The Ministry of Foreign Affairs and International Cooperation of Cambodia yesterday urged tourists to avoid websites offering e-visas for the country after receiving fresh reports of tourists being ripped off and losing their money.
The country's ministry warned prospective visitors to only use its official website as there is no legal framework in place to get back any money that is lost.
The call comes after the ministry found bogus websites – including cambodiaimmigration.org, which charged one unsuspecting tourist $300 – falsely claiming to be able to obtain e-visas for visitors to the Kingdom.
One British national complained to the Cambodian Embassy in London about the excessive cost of an e-visa after they were charged $90 by one such website, which is far in excess of the ministry’s own pricing. According to the ministry’s official website, an application for an e-visa for tourists should be made at evisa.gov.kh. An e-visa is valid for three months and costs $36.
A Ministry of Foreign Affairs spokesperson on Wednesday told The Post that the ministry does not have the framework in place to take legal action against fraudulent websites offering e-visas for foreign tourists over the internet and called on tourists to only use official channels.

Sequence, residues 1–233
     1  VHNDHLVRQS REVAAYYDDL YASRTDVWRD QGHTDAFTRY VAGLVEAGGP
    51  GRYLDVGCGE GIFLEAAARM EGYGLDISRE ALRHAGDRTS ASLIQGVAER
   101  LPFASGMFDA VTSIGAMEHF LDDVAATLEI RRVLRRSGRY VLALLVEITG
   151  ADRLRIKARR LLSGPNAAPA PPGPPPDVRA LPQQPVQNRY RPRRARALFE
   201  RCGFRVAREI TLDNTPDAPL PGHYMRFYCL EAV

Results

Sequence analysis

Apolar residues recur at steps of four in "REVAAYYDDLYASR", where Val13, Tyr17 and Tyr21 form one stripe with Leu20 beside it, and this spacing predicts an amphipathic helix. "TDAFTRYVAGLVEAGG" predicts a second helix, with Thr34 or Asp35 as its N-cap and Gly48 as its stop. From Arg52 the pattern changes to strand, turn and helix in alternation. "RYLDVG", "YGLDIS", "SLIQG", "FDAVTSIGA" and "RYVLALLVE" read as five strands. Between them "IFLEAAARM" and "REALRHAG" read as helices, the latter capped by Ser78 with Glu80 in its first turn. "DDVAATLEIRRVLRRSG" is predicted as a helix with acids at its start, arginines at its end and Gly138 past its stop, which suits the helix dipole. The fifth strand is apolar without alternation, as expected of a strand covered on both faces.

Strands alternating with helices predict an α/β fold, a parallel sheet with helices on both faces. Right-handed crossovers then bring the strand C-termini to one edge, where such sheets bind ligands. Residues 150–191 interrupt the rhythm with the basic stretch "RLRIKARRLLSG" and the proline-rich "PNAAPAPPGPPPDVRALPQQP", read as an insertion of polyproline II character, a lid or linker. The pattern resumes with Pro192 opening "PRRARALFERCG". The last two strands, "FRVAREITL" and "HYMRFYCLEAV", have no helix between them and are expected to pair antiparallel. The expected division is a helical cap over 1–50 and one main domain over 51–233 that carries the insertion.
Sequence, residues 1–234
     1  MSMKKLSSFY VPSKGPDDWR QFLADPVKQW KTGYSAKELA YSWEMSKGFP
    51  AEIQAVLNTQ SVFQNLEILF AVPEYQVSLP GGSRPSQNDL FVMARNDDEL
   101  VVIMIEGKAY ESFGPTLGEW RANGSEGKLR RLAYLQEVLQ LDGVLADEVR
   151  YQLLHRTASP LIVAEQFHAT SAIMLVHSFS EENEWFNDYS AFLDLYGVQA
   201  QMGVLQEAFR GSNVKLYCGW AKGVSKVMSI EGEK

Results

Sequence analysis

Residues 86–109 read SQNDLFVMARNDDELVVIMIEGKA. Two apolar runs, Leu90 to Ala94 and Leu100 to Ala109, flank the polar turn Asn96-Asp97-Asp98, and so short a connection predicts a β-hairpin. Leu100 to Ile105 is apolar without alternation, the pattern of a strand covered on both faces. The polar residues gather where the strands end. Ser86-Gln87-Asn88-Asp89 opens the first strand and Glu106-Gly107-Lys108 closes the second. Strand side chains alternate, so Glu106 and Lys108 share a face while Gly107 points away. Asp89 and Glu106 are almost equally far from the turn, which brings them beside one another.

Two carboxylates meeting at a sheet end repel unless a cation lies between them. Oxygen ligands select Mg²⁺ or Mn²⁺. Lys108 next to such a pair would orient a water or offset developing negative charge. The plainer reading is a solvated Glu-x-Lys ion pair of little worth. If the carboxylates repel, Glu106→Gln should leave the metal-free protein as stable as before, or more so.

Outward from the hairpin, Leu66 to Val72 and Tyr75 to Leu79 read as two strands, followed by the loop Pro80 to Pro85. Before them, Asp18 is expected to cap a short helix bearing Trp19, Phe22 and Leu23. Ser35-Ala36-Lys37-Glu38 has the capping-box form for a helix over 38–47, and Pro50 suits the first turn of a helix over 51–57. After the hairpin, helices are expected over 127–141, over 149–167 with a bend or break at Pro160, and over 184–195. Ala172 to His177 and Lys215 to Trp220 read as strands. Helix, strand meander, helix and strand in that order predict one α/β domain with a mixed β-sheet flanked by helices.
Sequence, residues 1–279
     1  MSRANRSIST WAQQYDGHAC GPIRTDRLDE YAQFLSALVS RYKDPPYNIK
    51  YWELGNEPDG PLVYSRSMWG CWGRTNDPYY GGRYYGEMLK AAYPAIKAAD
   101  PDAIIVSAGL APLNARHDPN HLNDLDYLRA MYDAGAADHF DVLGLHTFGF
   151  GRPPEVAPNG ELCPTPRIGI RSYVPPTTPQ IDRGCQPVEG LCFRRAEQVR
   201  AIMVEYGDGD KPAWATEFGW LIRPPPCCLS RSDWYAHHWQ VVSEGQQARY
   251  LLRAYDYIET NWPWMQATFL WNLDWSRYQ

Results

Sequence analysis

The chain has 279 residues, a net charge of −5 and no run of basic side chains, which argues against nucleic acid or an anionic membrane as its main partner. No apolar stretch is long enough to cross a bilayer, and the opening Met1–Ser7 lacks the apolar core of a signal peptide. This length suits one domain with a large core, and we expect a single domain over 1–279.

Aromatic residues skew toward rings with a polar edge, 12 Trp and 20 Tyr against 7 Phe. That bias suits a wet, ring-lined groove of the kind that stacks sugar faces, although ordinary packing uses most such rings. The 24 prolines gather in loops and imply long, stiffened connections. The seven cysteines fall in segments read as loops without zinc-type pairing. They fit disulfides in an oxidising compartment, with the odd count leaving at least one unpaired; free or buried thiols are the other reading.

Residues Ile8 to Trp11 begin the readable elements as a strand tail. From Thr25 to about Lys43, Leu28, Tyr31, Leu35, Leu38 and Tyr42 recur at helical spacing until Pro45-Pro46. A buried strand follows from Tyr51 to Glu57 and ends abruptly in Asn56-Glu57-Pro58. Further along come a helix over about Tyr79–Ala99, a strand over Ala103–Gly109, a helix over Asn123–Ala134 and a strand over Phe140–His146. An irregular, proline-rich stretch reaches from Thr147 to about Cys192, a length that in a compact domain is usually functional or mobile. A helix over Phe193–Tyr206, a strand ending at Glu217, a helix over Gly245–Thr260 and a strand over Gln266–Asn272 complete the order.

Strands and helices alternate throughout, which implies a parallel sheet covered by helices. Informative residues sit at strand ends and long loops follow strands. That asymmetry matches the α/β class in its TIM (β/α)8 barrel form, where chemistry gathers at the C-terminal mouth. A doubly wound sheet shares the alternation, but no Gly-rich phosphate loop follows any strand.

Ket Sophann said on Wednesday that e-visas ease the application process while also reducing fees for tourists. He warned that using other websites to apply for one would lead to the applicant being defrauded.
“The Ministry of Foreign Affairs calls for those wishing to visit Cambodia to only use the ministry’s website for an e-visa, or to go to their nearest embassy to avoid being deceived. We only issue visas this way,” he said.
The ministry released a letter in 2017 saying it had found 17 websites that fraudulently sell e-visas to tourists at a price far in excess of the true cost on the ministry’s website.
Sophann said he did not know an exact figure on the number of tourists who have been cheated by fraudulent websites.
Phat Sophanit, spokesman for the Ministry of Interior, and Kirth Chantharith, the director-general of the ministry’s General Immigration Department, could not be reached for comment.
Tho Samnang, an official at the Legal and Consular Department at the Ministry of Foreign Affairs, told local media that those behind the fraudulent websites used a sophisticated system to defraud users.
When applicants typed in the words “Cambodia” and “e-visa”, the browser shows fake websites that have paid to be shown first in the results, he said. With the applicant unaware the sites are bogus, they register, complete the form and then send payment.
“After getting the money for the application, those running the fake websites send the forms to the ministry to issue the e-visa, but we always catch their IP address and do not issue one because the ministry does not permit brokers to act in this way,” he said.
A member of staff at a Phnom Penh tourism company said she was unaware of websites offering e-visas, saying only the Ministry of Foreign Affairs and its official website could do so.
Copyright: The Phnom Penh Post/ Asia News Network (ANN)